Since 2015, Bevacqua has written several popular articles concerning hard electronic music and rave culture for the LA Weekly [16] (online and print), insomniac.com,[17] and The Hard Data [18](a website and print magazine that he began publishing in 2015). According to the LA Weekly website, some of his articles have gotten over 5000 Facebook shares. Some of the more popular articles have been: “Inside the World of the Kandi Kids, Dance Music's Most Colorful Subculture”,[19] “Is America Ready for Rawstyle, the Hardest Offshoot of EDM Yet?”,[20] and “10 Hardcore Techno Tracks for People Who Don’t Know Shit About Hardcore”.[21]

Music Production[edit]

Deadly Buda's music has appeared on the following electronic music record labels. Sounds (a sub-label of Communique), Praxis, Level 2, Mokum, Fukem, Atomic Hardcore, and his own label, Deadly Systems.[22] In 2017 Deadly Buda's track "King of Style" was released on Industrial Strength Records.[23] The track and its video features audio and video samples from the hip hop documentary Style Wars.

References[edit]

  1. ^ Matos, Michaelangelo (2015). The Underground is Massive : How Electronic Dance Music Conquered America. New York, NY: Dey St., an imprint of William Morrow Publishers. p. 112. ISBN 978-0-06-227178-5.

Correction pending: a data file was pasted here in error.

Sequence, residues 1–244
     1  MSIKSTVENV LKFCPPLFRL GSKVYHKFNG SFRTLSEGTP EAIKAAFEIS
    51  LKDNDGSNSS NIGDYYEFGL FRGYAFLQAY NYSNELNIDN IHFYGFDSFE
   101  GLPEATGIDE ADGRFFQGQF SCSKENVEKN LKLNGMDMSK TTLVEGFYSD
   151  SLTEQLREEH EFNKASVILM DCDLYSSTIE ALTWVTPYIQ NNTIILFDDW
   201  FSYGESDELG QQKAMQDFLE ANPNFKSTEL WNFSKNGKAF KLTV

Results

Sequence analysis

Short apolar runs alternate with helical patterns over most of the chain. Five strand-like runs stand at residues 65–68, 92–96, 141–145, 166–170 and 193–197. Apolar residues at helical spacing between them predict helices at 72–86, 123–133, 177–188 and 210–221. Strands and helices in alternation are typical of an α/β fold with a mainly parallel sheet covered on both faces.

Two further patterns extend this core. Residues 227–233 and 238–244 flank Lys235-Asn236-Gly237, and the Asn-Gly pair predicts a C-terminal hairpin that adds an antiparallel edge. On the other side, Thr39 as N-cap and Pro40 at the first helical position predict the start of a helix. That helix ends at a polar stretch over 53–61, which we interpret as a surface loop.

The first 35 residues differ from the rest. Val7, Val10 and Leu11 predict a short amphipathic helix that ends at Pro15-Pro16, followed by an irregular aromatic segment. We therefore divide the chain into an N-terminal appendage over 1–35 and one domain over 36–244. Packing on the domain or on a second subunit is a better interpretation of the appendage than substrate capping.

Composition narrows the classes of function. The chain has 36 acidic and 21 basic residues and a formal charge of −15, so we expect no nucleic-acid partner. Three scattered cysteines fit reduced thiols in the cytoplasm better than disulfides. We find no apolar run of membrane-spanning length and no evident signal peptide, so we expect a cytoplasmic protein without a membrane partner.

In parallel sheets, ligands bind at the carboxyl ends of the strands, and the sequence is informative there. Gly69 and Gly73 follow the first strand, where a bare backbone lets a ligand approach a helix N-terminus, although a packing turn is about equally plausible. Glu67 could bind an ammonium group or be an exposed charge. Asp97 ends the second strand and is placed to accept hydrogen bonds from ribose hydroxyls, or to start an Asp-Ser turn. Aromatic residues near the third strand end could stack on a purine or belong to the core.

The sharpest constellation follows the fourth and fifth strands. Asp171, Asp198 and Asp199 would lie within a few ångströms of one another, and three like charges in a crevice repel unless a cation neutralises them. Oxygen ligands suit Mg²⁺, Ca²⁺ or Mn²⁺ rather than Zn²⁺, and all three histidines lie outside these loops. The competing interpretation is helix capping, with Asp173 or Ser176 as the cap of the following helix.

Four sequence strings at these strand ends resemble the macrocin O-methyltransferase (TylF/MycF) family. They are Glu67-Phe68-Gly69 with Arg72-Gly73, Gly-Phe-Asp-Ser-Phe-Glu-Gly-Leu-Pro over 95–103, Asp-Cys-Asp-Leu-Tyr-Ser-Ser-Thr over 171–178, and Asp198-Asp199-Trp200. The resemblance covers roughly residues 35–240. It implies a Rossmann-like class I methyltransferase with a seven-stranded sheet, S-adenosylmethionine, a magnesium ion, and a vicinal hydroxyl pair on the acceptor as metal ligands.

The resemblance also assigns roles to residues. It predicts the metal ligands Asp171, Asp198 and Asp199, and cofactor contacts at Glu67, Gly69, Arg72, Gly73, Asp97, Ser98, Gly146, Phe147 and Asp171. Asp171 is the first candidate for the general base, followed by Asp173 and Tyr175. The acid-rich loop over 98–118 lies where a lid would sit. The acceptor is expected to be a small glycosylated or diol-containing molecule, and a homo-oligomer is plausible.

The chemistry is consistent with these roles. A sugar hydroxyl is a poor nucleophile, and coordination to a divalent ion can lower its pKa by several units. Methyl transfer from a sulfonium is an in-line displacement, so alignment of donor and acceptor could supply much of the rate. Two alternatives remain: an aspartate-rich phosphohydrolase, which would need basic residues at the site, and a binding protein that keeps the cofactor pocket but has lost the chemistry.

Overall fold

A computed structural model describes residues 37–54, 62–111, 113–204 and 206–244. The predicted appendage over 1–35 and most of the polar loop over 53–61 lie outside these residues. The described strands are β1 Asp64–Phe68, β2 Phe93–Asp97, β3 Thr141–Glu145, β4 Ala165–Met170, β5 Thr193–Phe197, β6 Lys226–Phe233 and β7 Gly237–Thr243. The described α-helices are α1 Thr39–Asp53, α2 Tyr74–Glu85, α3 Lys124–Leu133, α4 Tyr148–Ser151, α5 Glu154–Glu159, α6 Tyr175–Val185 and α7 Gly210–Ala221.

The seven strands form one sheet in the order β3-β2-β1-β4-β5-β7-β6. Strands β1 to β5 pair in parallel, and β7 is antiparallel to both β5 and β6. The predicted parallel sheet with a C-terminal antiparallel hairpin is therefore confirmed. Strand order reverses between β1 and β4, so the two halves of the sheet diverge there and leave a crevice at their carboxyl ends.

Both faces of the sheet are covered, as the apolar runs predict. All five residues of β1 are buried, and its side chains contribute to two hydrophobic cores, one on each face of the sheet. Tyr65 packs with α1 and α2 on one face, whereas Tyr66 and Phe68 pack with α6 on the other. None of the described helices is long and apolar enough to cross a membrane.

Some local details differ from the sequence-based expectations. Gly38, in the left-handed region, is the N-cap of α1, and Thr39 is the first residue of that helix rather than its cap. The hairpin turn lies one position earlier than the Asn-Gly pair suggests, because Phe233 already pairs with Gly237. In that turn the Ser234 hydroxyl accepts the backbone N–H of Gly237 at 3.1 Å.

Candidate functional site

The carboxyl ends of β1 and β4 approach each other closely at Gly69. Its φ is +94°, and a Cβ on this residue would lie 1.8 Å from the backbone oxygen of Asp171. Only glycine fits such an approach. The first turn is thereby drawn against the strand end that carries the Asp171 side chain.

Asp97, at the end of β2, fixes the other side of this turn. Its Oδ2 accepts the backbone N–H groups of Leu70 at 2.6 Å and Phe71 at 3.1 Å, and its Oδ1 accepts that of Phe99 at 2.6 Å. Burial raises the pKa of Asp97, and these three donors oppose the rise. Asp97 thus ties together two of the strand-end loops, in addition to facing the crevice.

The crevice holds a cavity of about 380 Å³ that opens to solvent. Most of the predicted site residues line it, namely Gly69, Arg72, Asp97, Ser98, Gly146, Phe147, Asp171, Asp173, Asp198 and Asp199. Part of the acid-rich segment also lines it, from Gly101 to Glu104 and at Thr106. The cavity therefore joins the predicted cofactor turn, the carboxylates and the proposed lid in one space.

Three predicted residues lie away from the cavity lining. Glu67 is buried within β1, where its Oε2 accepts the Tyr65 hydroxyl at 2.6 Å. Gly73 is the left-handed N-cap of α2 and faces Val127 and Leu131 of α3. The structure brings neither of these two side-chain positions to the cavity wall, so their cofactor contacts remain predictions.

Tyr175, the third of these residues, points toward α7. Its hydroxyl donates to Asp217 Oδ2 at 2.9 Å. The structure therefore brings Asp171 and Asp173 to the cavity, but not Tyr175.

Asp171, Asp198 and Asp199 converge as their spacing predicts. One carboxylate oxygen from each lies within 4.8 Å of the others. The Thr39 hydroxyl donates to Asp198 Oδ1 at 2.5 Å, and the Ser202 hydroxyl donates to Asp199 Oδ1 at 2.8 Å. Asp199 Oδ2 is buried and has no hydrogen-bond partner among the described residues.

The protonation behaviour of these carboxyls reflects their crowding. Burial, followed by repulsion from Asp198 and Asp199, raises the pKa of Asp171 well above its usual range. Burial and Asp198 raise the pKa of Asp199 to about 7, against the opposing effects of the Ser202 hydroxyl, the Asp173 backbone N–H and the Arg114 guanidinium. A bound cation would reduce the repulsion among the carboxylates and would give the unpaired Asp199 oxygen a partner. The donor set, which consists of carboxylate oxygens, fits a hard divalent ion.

2. ^ Gastman, Roger; Neelon, Caleb (2010). The History of American Graffiti. New York: Harper Design. p. 175. ISBN 978-0-06-169878-1.
  3. ^ Matos, Michaelangelo (2015). The Underground is Massive : How Electronic Dance Music Conquered America. New York, NY: Dey St., an imprint of William Morrow Publishers. p. 105. ISBN 978-0-06-227178-5.
  4. ^ "Deadly Buda Collection in US Library of Congress". Music Library Association. Music Library Association. Retrieved 20 November 2015.
  5. ^ a b Fringeli, Christoph (October 1997). "Interview with Deadly Buda". Datacide. 1 (3). Retrieved 23 November 2015.
  6. ^ Fringeli, Christoph. "Interview with Deadly Buda". Datacide. Praxis. Retrieved 23 November 2015.
  7. ^ Newton, Matthew (November 24, 2005). "Writers' Bloc". Pittsburgh City Paper. Steel City Media. Retrieved 23 November 2015.